FIG. 17 shows a flowchart for doubling the matrix size. In this flowchart, each piece of ROM data of 4×4 dot pattern is represented by ak,l (where 0≦k, l≦3). The respective components of the 8×8 dot pattern are represented by b2k,2l, b2k+1,2l, b2k,2l+1, and b2k+1,2l+1 (where 0≦k, l≦3).
In step 1, l is set to 1. In step 2, k is set to 0. In step 3, the respective components of the 8×8 dot pattern for each component ak,l of the 4×4 dot pattern of the ROM data are determined such that b2k,2l =b2k+1,2l =b2k,2l+1 =b2k+1,2l+1 =ak,l. In step 4, it is discriminated whether or not k=4. If the discrimination result obtained in step 4 is NO, step 3 is repeated. It is discriminated in step 5, if l=4. If the discrimination result obtained in step 5 is NO, steps 2 to 4 are repeated.
In the embodiment described above, the matrix size is doubled. However, the density pattern of double matrix size may be stored in the ROM from the beginning. Further, it is possible to form the density pattern as shown in FIG. 6 without loading the information in the ROM.
The actual size of the picture element is a square having a side of 0.4 mm for a large matrix and a square having a side of 0.2 mm for a small matrix. Therefore, a micropicture element is a square having a side of 100 μm for a large matrix and a square having a side of 50 μm for a small matrix. When these micropicture elements are combined, an image is obtained. With the density pattern method as shown in FIG. 6, an output image resembling an image obtained with dot photography is obtained.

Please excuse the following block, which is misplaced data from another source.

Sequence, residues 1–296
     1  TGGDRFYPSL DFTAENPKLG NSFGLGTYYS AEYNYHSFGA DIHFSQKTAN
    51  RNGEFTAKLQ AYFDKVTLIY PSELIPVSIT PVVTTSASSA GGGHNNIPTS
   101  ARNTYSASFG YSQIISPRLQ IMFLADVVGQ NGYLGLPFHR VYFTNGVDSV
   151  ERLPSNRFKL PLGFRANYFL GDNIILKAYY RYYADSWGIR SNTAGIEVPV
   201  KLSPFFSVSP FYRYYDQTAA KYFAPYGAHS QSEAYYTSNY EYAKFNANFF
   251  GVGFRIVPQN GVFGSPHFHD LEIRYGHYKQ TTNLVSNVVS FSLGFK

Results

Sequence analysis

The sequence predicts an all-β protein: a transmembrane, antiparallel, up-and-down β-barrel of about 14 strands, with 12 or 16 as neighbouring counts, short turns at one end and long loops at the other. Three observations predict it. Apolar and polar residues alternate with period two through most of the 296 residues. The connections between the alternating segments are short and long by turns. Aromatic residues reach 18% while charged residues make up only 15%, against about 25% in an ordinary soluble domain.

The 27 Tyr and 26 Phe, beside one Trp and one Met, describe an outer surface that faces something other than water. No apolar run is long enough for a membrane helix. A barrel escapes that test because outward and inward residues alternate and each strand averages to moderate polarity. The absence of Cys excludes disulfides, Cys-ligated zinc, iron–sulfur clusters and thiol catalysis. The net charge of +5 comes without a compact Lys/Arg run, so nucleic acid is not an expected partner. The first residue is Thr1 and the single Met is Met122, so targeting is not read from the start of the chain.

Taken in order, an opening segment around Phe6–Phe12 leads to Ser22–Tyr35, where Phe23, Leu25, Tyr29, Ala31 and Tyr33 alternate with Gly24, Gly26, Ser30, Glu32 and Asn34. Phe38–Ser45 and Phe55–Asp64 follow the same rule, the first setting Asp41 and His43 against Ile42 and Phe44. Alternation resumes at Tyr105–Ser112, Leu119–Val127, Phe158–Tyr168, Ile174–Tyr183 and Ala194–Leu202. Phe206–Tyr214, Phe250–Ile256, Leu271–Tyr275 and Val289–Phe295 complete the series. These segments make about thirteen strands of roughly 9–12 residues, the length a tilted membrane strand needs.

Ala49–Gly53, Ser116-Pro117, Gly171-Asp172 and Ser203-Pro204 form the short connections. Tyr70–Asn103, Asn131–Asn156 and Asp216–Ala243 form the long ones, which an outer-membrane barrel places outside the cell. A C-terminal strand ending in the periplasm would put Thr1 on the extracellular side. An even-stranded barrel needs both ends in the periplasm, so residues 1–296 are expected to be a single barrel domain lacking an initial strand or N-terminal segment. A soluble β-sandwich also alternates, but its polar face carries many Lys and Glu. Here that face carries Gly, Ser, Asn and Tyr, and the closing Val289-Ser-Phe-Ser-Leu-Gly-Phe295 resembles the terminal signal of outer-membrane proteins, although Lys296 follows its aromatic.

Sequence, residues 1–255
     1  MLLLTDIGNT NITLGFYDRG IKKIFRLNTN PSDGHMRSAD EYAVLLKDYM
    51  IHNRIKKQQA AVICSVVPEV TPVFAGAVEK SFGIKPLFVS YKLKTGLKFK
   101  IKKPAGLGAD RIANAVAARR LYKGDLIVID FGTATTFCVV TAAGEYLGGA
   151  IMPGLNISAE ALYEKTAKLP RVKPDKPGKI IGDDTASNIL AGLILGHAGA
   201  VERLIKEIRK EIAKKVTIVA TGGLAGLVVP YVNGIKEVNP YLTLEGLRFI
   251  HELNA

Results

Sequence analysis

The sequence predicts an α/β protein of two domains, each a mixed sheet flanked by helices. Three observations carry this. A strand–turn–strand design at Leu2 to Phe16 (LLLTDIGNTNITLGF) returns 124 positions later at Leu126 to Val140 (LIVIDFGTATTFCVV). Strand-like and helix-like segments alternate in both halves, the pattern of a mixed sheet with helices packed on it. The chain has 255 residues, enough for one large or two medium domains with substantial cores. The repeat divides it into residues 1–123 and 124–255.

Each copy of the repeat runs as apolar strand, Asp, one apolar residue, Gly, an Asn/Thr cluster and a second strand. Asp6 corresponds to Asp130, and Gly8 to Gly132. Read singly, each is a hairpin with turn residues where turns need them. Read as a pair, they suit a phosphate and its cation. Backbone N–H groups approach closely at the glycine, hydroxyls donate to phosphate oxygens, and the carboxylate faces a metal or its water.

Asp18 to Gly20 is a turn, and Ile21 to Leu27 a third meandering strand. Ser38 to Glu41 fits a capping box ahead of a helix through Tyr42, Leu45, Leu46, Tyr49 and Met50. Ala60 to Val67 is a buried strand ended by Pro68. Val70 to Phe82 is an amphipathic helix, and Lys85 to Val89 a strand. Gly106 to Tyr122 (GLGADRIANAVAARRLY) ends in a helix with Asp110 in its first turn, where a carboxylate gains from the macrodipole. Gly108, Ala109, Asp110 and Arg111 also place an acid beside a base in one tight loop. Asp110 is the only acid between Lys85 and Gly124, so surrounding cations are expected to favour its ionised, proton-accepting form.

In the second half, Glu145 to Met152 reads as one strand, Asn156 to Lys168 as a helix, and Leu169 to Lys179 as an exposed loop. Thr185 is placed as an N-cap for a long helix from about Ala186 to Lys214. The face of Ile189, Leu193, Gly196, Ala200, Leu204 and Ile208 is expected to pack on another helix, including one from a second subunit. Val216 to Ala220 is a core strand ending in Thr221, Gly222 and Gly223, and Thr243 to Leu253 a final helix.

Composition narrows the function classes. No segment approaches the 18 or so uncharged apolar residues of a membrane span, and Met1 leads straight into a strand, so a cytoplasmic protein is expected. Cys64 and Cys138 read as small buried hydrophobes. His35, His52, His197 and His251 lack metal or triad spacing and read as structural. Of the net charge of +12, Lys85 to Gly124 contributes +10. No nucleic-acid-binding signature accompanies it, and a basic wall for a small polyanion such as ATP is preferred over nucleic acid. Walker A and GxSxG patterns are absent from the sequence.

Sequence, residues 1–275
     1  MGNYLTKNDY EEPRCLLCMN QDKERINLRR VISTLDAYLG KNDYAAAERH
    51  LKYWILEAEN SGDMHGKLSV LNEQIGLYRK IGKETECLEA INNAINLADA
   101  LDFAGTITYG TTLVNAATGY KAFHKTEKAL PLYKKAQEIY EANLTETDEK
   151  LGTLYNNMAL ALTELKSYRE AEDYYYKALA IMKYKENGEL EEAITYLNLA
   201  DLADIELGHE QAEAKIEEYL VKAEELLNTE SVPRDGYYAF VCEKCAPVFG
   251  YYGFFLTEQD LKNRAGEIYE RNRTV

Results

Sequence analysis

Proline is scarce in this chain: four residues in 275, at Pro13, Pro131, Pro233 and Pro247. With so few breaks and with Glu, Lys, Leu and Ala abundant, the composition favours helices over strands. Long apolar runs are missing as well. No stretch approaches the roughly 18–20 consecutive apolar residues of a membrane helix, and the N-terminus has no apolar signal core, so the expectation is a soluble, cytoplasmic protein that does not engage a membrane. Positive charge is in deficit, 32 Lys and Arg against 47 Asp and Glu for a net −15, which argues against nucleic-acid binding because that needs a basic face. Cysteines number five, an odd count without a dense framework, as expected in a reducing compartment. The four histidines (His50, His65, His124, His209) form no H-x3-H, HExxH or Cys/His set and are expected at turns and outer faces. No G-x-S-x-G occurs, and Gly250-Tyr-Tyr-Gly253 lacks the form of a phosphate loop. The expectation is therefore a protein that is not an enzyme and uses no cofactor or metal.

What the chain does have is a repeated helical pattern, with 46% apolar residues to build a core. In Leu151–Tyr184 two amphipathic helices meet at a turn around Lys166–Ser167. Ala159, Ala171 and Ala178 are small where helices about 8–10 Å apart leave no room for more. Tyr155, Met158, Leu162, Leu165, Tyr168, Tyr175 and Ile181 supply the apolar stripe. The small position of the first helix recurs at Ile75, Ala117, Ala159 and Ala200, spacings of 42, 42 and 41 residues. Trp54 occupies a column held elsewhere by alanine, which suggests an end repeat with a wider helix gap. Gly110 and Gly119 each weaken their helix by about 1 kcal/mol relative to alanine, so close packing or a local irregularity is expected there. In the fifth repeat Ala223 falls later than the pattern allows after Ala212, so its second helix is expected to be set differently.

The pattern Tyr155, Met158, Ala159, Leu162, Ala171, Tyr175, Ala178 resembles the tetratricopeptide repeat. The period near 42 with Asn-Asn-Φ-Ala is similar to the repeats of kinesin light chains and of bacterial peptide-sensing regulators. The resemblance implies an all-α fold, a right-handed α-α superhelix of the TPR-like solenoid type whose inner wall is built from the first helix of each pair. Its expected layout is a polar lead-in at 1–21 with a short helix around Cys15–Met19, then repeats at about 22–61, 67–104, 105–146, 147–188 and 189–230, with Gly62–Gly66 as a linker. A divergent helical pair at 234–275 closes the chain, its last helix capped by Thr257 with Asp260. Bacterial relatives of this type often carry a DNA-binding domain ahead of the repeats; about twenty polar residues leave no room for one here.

In the embodiment described above, the matrix is a square. However, matrices of squares with parts protruding therefrom or with notches, or matrices of other shapes may be used as long as they may be combined to form an image.
In the operation as described above, it takes considerable time for performing the conversion of data stored in the frame memory 69 into the dot pattern stored in the line memory 99. However, the output section 91 continuously outputs an image. Therefore, in order to eliminate the time delay, the line memory 99 comprises an A line memory 991 and a B line memory 992 of a configuration the same as that shown in FIG. 5. These memories are of the configuration as shown in FIG. 14.
While the information stored in the A line memory 991 is being output by the output section 91, the CPU 81 continuously transfers the subsequent information to the B line memory 992. By sequentially switching readout and storage, high-speed recording without time delay may be performed.
The signal processing apparatus of the present invention is not limited to the embodiment shown in FIG. 5 and various modifications may be made. For example, after A/D conversion the input signal 63, the density data may be loaded in the RAM 87 for designation of the matrix size. In this case, the image data for at least two lines must be stored in the RAM 87. In this manner, various modifications may be made as long as the basic construction remains the same.